After two years of debate, lawmakers agreed Tuesday to raise the gasoline tax for the first time in nearly two decades in order to raise much-needed cash for roads and bridges.
That was in Michigan.
In Washington, D.C., nothing remotely similar is in the offing, even though the federal gas tax has been frozen for 22 years and money for transportation infrastructure is rapidly running out.
As the House worked its way through dozens of amendments on a transportation bill ahead of an expected final vote on Thursday, financing was notably absent from the discussion. The bill, which has passed the Senate, covers six years of policy but only has a hodgepodge of pay-fors that cover, at most, three years.
“It’s all junk, basically,” said Rep. Peter DeFazio of Oregon, the lead Democrat on the Transportation and Infrastructure Committee. “They won’t confront the fact that we haven’t raised the gas tax since 1993, and they won’t look at alternatives.”
DeFazio was one of several Democrats who had offered amendments to the House transportation bill to raise the gas tax or create some sort of other user-fee system to pay for roads, bridges, and transit projects.
But none made it to the final rule. In fact, no amendments were made in order to deal with the finance section of the bill. Instead, it appears that the House will simply move the title passed by the Senate, which relied on a jumble of financing measures, including sales from the country’s emergency petroleum reserve and cuts to dividends paid to large banks.
The unease with that funding scheme is bipartisan.
“We can’t continue to use gimmicks and other industries to pay for highways,” said Republican Jim Renacci of Ohio. “I’m not sure I can vote for anything that’s just three years, especially with gimmicks.”
Renacci, who serves on the House Ways and Means Committee, had pitched a bipartisan amendment that would have triggered an increase in the gas tax after three years if a congressional task force did not come up with a better solution in the interim. Renacci said he wasn’t necessarily itching for a tax hike, but rather something to give “long-term funding and predictability,” which he said now doesn’t seem in the cards.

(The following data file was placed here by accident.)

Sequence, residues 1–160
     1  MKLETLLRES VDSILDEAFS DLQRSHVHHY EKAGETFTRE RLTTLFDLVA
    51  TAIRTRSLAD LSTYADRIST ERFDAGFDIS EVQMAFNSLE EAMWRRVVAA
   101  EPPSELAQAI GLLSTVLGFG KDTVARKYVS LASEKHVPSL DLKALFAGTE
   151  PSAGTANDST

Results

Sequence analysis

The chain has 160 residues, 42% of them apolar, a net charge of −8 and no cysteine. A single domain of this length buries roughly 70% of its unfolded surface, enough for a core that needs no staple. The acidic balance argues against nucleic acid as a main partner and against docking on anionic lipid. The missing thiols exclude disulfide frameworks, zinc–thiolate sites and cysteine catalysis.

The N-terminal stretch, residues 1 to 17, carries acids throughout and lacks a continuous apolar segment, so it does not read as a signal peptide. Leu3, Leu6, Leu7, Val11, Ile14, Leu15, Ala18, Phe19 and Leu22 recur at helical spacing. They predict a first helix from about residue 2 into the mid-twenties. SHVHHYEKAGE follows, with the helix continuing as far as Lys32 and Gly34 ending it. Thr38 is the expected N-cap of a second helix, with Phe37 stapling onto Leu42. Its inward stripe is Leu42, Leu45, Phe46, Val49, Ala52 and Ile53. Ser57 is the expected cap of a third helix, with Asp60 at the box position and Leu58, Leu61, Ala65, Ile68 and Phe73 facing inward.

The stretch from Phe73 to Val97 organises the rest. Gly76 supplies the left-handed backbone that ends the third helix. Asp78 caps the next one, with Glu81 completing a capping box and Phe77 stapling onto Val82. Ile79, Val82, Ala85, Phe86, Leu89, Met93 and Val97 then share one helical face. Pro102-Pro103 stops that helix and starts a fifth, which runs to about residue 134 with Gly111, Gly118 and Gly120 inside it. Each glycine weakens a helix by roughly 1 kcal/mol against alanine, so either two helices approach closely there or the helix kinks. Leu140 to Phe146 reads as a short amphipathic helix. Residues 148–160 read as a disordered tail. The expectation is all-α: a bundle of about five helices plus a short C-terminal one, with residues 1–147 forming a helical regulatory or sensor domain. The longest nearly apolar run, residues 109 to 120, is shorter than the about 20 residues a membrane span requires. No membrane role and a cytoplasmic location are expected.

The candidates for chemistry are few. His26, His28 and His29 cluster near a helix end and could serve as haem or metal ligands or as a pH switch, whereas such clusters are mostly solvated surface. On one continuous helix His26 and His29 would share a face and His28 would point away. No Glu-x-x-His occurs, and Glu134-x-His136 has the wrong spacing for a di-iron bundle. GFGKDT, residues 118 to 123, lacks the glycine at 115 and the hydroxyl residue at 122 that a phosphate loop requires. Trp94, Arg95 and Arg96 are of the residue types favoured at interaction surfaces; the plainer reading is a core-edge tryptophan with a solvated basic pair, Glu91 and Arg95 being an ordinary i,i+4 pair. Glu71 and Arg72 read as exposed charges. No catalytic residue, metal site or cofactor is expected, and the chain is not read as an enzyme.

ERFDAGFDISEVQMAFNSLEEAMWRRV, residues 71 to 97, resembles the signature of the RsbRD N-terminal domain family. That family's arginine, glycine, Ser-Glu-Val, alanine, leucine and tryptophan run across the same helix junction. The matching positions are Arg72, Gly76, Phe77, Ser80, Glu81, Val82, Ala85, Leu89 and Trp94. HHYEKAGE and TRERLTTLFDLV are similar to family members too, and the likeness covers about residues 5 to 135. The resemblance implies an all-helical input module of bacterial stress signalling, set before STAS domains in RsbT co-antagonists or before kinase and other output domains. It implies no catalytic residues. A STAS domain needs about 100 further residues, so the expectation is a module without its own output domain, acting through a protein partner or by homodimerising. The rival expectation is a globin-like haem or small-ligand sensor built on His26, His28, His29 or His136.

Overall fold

“That’s what I’m frustrated about,” he said.
Initially, there was grand talk in the House of pairing the highway bill with a broader deal on tax reform, a priority of former Ways and Means chairman Paul Ryan. But that deal never came together, and Ryan left the committee to become speaker, leaving the House to simply pick up the Senate’s language.
“I think there’s less political opposition to the gas tax than what they’ve got here,” said Rep. Earl Blumenauer, a long-time advocate of raising the tax. “Will this process be rational? I don’t know.”
The lack of amendments on the gas tax or other financing mechanisms caused a flare-up on the House floor Wednesday morning in the debate over the rule. As Democrats streamed to the floor to protest a lack of talk about long-term funding, Republican Rob Woodall of Georgia had to defend the process and the bill. He said he doubted whether a drastic funding change could be dealt with in a “nine-and-a-half minute debate” and wondered why members were so displeased with “the best transportation bill and rule this body has seen in a decade.”
It’s possible that the funding language could be changed, either on the floor or in a conference with the Senate. But it doesn’t seem likely that a gas tax will be a part of the mix.
The gas tax has not been raised or indexed to inflation since it was set at 18.4 cents per gallon in 1993. That has reduced the Highway Trust Fund’s revenue stream to a trickle. But raising the tax has been a political no-no. Proposals from both parties have gone nowhere, even as Republicans sought to shift the language to focus on the gas tax as a “user fee” for roads.
Even earlier this year, as oil prices dropped to lows not seen in four years, the idea of bumping the gas tax couldn’t gain significant traction on the Hill.
Outside of D.C., however, it’s a different story. Many states, including seven with Republican governors, have raised the tax. (That includes Michigan’s Republican Governor Rick Snyder, who is expected to sign that state’s bill.)
In a statement on the highway bill, the U.S. Chamber of Commerce, while supportive of the overall legislation, said it was “disappointed that this bill does not provide full funding for the entire six-year duration.” The group added that “all options need to be on the table—including an increase in the gas tax—to expand funding.”
Indeed, a period when oil prices are low and the impact of a gas-tax hike would be less severe seems the ideal time to put all options on the table in the transportation bill. So will members grit their teeth and at least have a discussion about it?
“Apparently not under this leadership—they’re afraid of it,” said DeFazio. “But the people, they get it. They’re tired of potholes and detours, and they realize this is the best way to deal with it.”
This article is from the archive of our partner National Journal.
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